Decisions about when to sing are not the only means by which birds tackle the cocktail party problem. Other aspects of each species’ songs can enable them to sing more while worrying less about timing their songs just right. For instance, different bird species tend to sing at different pitches, a characteristic that is influenced by body and bill size (Demery et al. 2021). Two songs occurring at the same time but at different pitches (i.e., frequencies) will not necessarily interfere with each singer being heard. Thus, birds may only need to pay attention to timing their songs with other birds that share their pitch. This strategy has been demonstrated previously where birds were shown to segregate their singing into separate time periods more often when they sang in the same frequency “channels” (Planqué & Slabbekoorn 2008).
Figure 2 An example of an audio clip containing the songs of Common Yellowthroat and several other bird species demonstrating the challenge of singing in crowded conditions. The audio used to produce this spectrogram comes from Chronister et al. (2021), the same publication which supplied the data used in Chronister et al. (2023). The spectrogram was produced using Opensoundscape (http://opensoundscape.org/en/latest/).
Decisions on timing according to pitch
Frequency channels are not clear-cut, however, and in some communities such as the one we studied, there can be many instances of intermediate amounts of overlap in pitch between the songs of different bird species. Further still, the range of pitch different species’ songs occupy also vary greatly such that one species in any pair might be entirely overlapped whereas the other is only overlapped in a small portion of its range. So how does a bird make a decision about when to avoid singing over another bird when overlap in pitch is not necessarily binary? We hypothesised that the decision to overlap or not overlap would also not be binary such that birds would instead be increasingly more likely to avoid song overlap in time as their pitches increasingly overlapped.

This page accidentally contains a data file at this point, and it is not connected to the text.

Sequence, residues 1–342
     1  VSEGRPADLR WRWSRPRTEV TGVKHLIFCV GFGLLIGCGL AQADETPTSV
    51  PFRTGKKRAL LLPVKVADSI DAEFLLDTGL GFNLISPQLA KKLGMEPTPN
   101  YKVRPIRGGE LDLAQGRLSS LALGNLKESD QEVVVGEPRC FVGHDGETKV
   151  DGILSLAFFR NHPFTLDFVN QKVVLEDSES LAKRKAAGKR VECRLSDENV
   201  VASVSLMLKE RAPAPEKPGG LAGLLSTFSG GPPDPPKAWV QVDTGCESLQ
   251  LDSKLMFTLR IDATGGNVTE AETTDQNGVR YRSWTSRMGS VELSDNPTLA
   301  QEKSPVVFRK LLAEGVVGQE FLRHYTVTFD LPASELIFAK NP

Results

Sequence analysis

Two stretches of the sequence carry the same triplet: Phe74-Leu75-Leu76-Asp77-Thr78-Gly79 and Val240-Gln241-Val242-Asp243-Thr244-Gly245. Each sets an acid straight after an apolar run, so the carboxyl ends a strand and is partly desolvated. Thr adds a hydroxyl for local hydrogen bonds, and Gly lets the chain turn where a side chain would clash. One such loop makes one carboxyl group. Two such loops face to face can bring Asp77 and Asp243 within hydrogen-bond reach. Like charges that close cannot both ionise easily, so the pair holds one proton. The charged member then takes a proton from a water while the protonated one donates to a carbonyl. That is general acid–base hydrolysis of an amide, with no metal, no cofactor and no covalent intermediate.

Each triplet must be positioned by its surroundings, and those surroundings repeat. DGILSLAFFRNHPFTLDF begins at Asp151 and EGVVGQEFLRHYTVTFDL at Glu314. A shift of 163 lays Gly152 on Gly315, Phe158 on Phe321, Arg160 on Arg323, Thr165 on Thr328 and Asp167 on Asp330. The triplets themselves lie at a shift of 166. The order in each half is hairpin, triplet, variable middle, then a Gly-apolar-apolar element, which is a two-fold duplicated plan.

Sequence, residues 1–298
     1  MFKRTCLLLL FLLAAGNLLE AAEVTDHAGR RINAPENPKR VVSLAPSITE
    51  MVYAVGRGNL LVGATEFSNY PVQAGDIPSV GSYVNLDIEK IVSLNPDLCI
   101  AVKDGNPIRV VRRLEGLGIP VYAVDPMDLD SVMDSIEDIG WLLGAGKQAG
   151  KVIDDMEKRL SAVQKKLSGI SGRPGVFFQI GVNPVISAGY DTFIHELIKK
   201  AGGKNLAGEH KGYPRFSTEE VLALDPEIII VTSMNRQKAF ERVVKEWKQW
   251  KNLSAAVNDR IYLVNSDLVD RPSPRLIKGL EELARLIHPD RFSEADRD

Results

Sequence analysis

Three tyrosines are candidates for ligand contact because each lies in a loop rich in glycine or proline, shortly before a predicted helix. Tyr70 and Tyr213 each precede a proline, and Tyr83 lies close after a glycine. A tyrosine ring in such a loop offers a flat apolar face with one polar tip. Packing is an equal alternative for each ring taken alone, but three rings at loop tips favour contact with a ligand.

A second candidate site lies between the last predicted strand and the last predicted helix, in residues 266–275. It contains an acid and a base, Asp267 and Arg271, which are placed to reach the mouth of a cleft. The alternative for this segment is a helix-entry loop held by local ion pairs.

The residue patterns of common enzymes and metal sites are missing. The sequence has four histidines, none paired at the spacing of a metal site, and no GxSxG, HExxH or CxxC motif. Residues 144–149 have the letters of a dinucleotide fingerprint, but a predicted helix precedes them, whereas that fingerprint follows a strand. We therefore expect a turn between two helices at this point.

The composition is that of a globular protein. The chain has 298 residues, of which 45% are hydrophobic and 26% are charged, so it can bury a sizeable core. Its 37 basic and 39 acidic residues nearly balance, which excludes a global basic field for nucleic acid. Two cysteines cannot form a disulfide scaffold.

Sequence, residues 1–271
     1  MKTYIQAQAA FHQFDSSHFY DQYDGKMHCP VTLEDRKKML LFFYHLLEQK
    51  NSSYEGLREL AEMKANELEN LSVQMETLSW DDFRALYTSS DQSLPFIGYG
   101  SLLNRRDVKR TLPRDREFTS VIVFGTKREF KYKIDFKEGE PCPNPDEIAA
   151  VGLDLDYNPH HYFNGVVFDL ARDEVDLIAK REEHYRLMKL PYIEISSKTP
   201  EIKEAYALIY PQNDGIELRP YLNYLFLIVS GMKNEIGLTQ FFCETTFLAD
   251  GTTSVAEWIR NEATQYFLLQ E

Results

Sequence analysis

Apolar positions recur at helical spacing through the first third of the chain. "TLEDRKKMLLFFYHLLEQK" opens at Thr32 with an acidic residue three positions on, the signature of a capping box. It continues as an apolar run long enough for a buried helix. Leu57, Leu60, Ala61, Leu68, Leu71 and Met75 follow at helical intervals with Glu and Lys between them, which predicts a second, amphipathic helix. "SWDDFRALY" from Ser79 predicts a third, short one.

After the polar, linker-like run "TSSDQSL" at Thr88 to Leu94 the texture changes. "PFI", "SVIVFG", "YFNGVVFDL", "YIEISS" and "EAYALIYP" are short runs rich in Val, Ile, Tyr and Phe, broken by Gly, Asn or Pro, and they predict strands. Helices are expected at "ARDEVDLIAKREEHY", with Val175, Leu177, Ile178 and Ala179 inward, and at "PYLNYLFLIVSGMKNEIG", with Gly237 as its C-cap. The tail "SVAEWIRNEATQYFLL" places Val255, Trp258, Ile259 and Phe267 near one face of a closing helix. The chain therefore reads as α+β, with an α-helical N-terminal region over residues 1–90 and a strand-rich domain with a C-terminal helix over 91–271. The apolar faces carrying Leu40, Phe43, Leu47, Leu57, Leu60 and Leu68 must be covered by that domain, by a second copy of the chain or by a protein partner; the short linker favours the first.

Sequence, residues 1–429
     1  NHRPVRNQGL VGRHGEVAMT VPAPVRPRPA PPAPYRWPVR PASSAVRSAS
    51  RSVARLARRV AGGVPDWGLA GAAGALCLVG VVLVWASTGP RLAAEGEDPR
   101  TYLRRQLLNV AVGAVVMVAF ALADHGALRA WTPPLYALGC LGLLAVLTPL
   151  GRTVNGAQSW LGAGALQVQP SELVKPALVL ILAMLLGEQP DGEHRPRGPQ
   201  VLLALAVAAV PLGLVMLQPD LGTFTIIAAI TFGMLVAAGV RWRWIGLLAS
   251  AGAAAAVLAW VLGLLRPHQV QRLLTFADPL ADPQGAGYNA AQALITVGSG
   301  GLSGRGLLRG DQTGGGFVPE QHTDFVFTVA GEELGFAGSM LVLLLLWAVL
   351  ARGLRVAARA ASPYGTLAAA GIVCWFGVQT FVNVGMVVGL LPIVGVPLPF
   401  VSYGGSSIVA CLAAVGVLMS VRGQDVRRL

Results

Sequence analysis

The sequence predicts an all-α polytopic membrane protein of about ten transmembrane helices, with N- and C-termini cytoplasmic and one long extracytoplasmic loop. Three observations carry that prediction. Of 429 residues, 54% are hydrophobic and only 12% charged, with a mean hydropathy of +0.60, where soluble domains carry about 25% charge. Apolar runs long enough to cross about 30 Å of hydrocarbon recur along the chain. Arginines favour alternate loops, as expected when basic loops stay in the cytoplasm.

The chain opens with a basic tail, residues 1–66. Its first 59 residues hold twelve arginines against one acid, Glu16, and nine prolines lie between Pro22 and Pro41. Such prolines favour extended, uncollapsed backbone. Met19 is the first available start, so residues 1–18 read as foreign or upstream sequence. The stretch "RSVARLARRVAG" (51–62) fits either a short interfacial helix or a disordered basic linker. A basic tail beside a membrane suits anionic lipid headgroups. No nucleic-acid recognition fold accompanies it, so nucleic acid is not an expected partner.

We put our hypothesis to the test using recordings from a community of birds living in the temperate forests of Pennsylvania, USA (Chronister et al. 2021). We used computer simulations of what would happen if birds were singing randomly in time with respect to other bird species to compare the outcome with that of our actual data. Ultimately, we found support for our hypothesis: birds with more overlap in pitch typically sang over one another far less than in simulations whereas this was not the case for species with relatively little overlap in pitch. The pattern was that of a linear correlation. This suggests that birds in this community are paying closer attention to avoid singing over other birds that have the greatest risk of interfering with their songs in terms of pitch, and will still avoid singing over other species with relatively less overlap in pitch but to a lesser degree.
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Sueur, J. 2008. Cicada acoustic communication: potential sound partitioning in a multispecies community from Mexico (Hemiptera: Cicadomorpha: Cicadidae). Biological Journal of the Linnean Society 379-394. VIEW
Top right: Common Yellowthroat (Geothlypis trichas) © Patrice Bouchard.